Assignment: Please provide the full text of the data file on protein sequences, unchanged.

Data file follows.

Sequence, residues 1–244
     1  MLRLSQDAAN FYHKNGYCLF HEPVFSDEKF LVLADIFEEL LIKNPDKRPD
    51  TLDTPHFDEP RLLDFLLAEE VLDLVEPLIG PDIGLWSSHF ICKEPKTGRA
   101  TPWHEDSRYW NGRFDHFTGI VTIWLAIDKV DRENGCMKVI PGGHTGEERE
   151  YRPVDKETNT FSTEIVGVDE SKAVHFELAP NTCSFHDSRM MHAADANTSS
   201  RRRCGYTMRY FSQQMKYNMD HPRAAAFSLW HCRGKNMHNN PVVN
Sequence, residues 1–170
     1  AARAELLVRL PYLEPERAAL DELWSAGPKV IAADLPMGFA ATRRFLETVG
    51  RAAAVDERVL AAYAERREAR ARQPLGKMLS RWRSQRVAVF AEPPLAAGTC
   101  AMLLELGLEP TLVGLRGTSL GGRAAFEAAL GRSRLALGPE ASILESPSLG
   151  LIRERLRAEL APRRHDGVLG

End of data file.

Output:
Sequence, residues 1–244
     1  MLRLSQDAAN FYHKNGYCLF HEPVFSDEKF LVLADIFEEL LIKNPDKRPD
    51  TLDTPHFDEP RLLDFLLAEE VLDLVEPLIG PDIGLWSSHF ICKEPKTGRA
   101  TPWHEDSRYW NGRFDHFTGI VTIWLAIDKV DRENGCMKVI PGGHTGEERE
   151  YRPVDKETNT FSTEIVGVDE SKAVHFELAP NTCSFHDSRM MHAADANTSS
   201  RRRCGYTMRY FSQQMKYNMD HPRAAAFSLW HCRGKNMHNN PVVN
Sequence, residues 1–170
     1  AARAELLVRL PYLEPERAAL DELWSAGPKV IAADLPMGFA ATRRFLETVG
    51  RAAAVDERVL AAYAERREAR ARQPLGKMLS RWRSQRVAVF AEPPLAAGTC
   101  AMLLELGLEP TLVGLRGTSL GGRAAFEAAL GRSRLALGPE ASILESPSLG
   151  LIRERLRAEL APRRHDGVLG